Article: Barange, M. 2003. Ecosystem science and the sustainable management of marine resources: from Rio to Johannesburg. Frontiers in Ecology and the Environment 4(1): 190-196


Barange begins this article by describing how the 1992 United Nations (UN) Conference on Environment and Development in Rio de Janeiro, Brazil, highlighted the need for ecosystem level management of marine resources. He then outlines the legal and institutional efforts since the 1992 Rio conference. These include the UN Convention on the Law of the Sea, the Food and Agriculture Organization (FAO) of the UN agreements, and the Kyoto Declaration on Fisheries and Food Security of 1995.

Barange states that these new legal efforts were developed because marine fisheries are at a crossroads: “In 1999, about 50% of all marine fisheries were fully exploited, 20% were overexploited, and a further 10% were depleted (FAO 2000). In the 1990’s, the annual rate of increases of marine catches decreased to almost zero, and may even be negative (Watson and Pauly 2001). This indicates that, on average, the world’s oceans have reached their maximum production, estimated to be about 80-100 million metric tons (FAO 2000).”

One response to this very serious situation is the development of ecosystem-based management systems (EBMS). This article addresses the question of whether we know enough about the structure, function, and components of marine ecosystems to predict the ecological impact of current and past fishing practices.

Barange highlights three areas of scientific development over the last decade which are especially relevant to this issue:

  1. Long-term patterns of change (Fig. 1)
  2. In this section Barange describes large changes in marine species on the 100 - 1000 year scale. Figure 1 shows very large variation in anchovy abundance off the coast of California from the years 280 – 2000 based on fish scale deposits in sediments. He states that gradual anthropogenically-driven change (due to global warming, for instance), will not likely result in greater changes than those that have occurred naturally. Instead, “the perception is that the real effects of global change on marine ecosystems will be the result of interactions [emphasis added] between anthropogenic pressures and natural cycles of variability.”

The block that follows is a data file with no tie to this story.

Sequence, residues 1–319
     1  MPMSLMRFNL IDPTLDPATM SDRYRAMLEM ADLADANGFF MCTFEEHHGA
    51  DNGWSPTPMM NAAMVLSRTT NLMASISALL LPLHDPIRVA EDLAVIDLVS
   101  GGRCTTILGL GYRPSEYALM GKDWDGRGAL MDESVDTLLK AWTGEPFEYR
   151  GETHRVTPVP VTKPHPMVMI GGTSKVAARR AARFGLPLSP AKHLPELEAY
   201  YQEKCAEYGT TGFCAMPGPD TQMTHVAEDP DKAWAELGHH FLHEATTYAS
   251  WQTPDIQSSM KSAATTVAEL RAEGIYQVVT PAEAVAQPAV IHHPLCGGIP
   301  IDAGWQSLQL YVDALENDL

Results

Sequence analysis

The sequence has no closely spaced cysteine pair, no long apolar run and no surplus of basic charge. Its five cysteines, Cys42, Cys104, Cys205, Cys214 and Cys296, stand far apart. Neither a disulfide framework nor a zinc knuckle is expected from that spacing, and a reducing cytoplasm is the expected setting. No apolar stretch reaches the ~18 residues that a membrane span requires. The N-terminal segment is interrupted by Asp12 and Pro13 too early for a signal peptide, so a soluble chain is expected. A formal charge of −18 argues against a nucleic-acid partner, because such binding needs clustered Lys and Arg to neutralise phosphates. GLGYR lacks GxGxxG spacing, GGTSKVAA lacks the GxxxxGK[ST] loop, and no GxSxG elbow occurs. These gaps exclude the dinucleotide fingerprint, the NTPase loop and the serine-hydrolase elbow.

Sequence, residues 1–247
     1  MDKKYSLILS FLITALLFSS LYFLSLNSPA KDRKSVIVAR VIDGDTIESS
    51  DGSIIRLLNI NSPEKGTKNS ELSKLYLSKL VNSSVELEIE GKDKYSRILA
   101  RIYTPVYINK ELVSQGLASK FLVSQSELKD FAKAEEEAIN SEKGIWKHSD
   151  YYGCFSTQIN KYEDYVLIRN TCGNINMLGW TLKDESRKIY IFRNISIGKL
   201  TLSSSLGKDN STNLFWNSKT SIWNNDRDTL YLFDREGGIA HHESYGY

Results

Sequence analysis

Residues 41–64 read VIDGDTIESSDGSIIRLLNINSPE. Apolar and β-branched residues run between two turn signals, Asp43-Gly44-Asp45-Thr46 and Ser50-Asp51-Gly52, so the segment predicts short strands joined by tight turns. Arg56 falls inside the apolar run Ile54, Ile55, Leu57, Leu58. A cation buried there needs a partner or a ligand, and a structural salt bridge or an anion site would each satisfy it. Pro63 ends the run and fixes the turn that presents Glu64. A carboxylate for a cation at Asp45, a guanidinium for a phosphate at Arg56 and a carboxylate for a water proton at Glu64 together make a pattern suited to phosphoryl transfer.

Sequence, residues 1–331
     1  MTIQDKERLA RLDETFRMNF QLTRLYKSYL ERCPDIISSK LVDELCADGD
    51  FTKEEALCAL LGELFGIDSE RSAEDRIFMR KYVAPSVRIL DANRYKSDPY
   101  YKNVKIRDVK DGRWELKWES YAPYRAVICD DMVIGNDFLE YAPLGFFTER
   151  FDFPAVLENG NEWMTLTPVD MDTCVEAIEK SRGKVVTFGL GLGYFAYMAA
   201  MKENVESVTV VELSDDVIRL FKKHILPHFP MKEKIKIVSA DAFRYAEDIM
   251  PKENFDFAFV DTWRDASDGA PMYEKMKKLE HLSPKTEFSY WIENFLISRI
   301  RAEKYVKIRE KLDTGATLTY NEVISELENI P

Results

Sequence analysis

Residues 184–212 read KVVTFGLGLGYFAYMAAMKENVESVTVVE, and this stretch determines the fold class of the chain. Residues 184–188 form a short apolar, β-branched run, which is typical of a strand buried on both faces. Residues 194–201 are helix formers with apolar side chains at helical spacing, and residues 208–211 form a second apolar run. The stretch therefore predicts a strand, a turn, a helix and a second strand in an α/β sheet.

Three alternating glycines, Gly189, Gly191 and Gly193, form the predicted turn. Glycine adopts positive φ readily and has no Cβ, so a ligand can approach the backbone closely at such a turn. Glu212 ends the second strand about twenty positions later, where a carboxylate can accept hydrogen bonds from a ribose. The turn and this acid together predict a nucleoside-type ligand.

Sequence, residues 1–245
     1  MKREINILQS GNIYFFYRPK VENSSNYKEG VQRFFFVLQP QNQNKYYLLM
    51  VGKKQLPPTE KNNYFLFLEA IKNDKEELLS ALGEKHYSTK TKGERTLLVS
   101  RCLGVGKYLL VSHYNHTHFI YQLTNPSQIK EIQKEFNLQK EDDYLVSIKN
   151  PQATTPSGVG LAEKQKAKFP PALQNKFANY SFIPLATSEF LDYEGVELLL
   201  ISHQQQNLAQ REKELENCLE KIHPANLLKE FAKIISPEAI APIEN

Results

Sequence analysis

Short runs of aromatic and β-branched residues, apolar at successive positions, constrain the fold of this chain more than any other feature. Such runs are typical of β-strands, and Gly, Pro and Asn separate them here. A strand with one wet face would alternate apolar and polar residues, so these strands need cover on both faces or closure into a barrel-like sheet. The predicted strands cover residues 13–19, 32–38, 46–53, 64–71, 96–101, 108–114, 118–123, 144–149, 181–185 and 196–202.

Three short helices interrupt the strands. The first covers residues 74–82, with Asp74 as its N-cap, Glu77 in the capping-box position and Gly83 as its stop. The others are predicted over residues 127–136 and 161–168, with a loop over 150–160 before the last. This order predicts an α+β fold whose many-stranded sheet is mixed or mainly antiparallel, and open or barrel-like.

3. Interdecadal cycles (Figs. 2, 3, and 4)
  4. Here Barange describes how the worldwide abundance of pelagic fish cycles (e.g., sardines, Pollock, mackerel) in synchrony on decadal scales. Studies of atmospheric pressure and circulation suggest that fish production may be in part regulated by global environmental cycles (wind, in this case). This is contrary to many people’s assumption that local-scale processes mostly regulate fisheries.

    Photographs of catches from bottom trawlers off Alaska (Fig. 4) dramatically illustrate what Barange calls a “regime shift.” Before 1977, the fishery was largely based on invertebrates; after 1977, finfish were the dominant catch. This shift appears to be related to a change in climate on a decadal scale. Warmer waters off the northeast coast lead to decreased zooplankton abundance and increases in most Alaskan salmon stocks.

  5. Trophic cascades, food webs, and biodiversity (Fig. 6)
  6. Ecologists know that pressures on both the top and bottom of food webs can cascade through all trophic levels. However, Barange notes that we do not know how resilient marine systems are to such cascading changes, or how species diversity affects these cascades. Given the interdecadal abundance cycles described above, resilience may also vary with fish production.

Barange highlights three areas of scientific development over the last decade which are especially relevant to this issue. The figures listed below are in the “Figures” section of this Issue.